Truck brake use is less than jake |

Truck brake use is less than jake

Greg Jeung

Dear Editor,

I applaud the decision and course of action by the Glenwood Springs City council and police chief as outlined in the front-page story in the Post Independent on Thursday, Dec. 12, `That’s the ticket! City to crack down on traffic violators.’ I’m sure there will be many unhappy (and probably vocal) people affected, but many more citizens and visitors will be pleased by their intent to step-up enforcement and make `the city a safer and more enjoyable place to live.’

For a number of years there has been another concern that has not been adequately addressed that could/should fall under this `crack down,’ and that is the use of engine or `Jake’ brakes in our city limits. I was awakened just after seven this Sunday morning by a trucker using loud engine brakes on Grand Avenue. This is in winter with our windows closed. I know that in warmer weather with windows opened and increased construction traffic many, many people are affected and unhappy. There is no reason for large diesel trucks to use engine braking in town other than saving wear and tear on their mechanical brakes and the `macho’ factor … size and noise matters?!?

There has been in place for a number of years an ordinance prohibiting use of engine brakes in Glenwood Springs. CDOT has not allowed adequate signage on Highway 82 and Interstate 70 that would give `proper notice’ to truckers causing a `stalemate’ where our law enforcement officers are reluctant to and will not enforce this section. I’m sure there are many obscure sections of the law that aren’t of common knowledge that are still prosecutable. If necessary, I offer to sign a complaint to `force the issue’ and `see where the chips may fall.’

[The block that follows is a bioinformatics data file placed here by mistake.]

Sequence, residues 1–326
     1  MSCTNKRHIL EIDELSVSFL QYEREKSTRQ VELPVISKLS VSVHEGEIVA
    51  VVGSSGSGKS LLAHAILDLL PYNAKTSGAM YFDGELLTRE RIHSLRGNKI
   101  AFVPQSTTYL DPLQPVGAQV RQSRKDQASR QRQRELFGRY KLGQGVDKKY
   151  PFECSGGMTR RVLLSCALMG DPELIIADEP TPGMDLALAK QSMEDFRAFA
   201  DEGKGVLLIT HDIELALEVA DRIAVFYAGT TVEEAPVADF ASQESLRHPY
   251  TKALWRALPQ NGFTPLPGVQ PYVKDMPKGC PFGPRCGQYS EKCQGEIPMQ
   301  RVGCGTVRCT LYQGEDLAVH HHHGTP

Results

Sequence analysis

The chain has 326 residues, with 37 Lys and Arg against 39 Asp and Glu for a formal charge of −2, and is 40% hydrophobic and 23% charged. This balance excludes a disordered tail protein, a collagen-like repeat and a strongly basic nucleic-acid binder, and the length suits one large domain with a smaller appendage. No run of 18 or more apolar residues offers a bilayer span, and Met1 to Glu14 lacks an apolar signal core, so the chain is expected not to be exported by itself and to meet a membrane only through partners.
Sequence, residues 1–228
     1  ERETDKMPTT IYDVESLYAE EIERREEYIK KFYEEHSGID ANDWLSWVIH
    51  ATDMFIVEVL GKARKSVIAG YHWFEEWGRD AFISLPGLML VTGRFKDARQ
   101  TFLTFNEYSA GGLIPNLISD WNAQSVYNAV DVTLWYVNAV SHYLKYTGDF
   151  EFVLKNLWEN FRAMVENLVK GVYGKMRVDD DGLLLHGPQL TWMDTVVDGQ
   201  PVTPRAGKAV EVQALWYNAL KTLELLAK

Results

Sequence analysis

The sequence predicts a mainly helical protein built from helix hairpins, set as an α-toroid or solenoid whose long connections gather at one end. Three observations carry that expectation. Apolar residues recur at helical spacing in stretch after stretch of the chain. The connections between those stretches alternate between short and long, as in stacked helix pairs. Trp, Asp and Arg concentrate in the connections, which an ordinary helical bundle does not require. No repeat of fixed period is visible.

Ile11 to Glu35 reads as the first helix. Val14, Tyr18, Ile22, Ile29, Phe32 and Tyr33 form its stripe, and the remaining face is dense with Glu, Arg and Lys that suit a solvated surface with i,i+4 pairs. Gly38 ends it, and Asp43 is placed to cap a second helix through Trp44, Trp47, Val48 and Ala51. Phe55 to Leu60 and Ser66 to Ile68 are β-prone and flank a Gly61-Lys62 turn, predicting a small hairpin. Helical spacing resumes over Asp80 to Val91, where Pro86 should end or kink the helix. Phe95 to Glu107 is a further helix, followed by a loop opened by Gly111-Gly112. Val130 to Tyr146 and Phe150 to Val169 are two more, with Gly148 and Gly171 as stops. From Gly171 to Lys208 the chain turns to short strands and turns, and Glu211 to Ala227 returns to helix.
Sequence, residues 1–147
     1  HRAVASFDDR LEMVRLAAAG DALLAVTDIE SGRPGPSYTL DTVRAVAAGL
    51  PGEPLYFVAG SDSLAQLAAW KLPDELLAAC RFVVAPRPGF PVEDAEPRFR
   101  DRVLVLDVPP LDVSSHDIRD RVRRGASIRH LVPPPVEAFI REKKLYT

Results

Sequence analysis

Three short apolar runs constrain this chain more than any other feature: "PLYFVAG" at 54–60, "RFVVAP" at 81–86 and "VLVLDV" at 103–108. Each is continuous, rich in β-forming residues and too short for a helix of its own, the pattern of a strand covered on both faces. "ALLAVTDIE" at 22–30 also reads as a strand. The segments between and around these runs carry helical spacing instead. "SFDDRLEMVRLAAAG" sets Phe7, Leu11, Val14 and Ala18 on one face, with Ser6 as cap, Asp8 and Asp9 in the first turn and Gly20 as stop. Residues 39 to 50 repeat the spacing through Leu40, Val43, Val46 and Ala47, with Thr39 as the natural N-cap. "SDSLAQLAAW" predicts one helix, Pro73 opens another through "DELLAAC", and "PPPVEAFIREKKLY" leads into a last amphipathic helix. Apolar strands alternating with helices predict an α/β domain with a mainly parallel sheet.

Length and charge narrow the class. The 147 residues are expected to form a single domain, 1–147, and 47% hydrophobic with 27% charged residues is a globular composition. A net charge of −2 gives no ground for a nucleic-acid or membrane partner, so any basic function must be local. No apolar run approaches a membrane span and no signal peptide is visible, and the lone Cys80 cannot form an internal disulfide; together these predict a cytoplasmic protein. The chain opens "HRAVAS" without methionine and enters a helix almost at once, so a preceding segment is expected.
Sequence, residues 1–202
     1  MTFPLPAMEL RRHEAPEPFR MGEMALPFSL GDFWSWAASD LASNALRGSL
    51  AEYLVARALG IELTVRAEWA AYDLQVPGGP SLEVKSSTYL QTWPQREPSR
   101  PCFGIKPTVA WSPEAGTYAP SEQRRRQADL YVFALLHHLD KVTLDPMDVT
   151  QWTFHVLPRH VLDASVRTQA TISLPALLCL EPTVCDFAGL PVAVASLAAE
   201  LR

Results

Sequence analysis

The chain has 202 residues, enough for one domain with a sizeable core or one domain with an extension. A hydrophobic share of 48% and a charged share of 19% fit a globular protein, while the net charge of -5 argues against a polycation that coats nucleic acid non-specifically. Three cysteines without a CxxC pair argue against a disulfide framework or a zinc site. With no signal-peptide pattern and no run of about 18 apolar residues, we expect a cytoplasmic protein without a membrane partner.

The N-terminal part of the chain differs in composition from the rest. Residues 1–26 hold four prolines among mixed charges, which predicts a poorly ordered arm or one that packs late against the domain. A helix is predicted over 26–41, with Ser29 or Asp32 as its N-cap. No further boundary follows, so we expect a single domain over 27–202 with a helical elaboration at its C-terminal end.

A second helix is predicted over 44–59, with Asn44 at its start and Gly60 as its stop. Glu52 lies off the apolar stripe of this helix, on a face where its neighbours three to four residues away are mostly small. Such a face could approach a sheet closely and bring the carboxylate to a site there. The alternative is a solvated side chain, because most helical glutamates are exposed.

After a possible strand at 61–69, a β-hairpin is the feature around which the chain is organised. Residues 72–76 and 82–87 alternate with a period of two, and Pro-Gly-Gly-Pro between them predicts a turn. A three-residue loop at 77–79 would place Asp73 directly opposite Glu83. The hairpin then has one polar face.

There has been discussion of this issue for many years, but no resolution. I encourage the city and CDOT to `bite the bullet’ and put up three `Use of Engine Brakes Prohibited’ signs at the city limits on I-70 and south on Highway 82. These are commonly seen in other communities located on interstates or state highways. Why can’t we have ours so we can enforce the law on our books?

As an aside related to Grand Avenue/Highway 82, with the upcoming rebuilding in 2004, I encourage our city leaders and staff to pursue a safe east-west pedestrian crossing at Sayre Park. A few years ago our Parks and Recreation Commission held a neighborhood meeting at the park, and this was a major concern/desire of those in attendance. Also on the list was a four-way stop at Blake Avenue and North Hyland Park Drive. One should be easily achievable, the other will require CDOT’s cooperation. Pedestrian and bicyclist safety are important components in providing transportation alternatives that can help relieve the congestion and `higher volume of traffic than the infrastructure can handle.’

I know that slowing people down and making traffic enforcement stops may be in conflict with allowing traffic to smoothly and quickly get through town. Many of our efforts have been and are to make it quick and convenient to drive through our city, but at what cost from both a financial and livability standpoint? I’m thankful of the intent to moderate the impacts on the citizens and traveling public. It will be a challenge to educate and seek the compliance of drivers and pedestrians.

I appreciate the continued efforts by all to make Glenwood Springs a better, safer, and quieter place for all those who live and visit here.


Greg Jeung

Glenwood Springs

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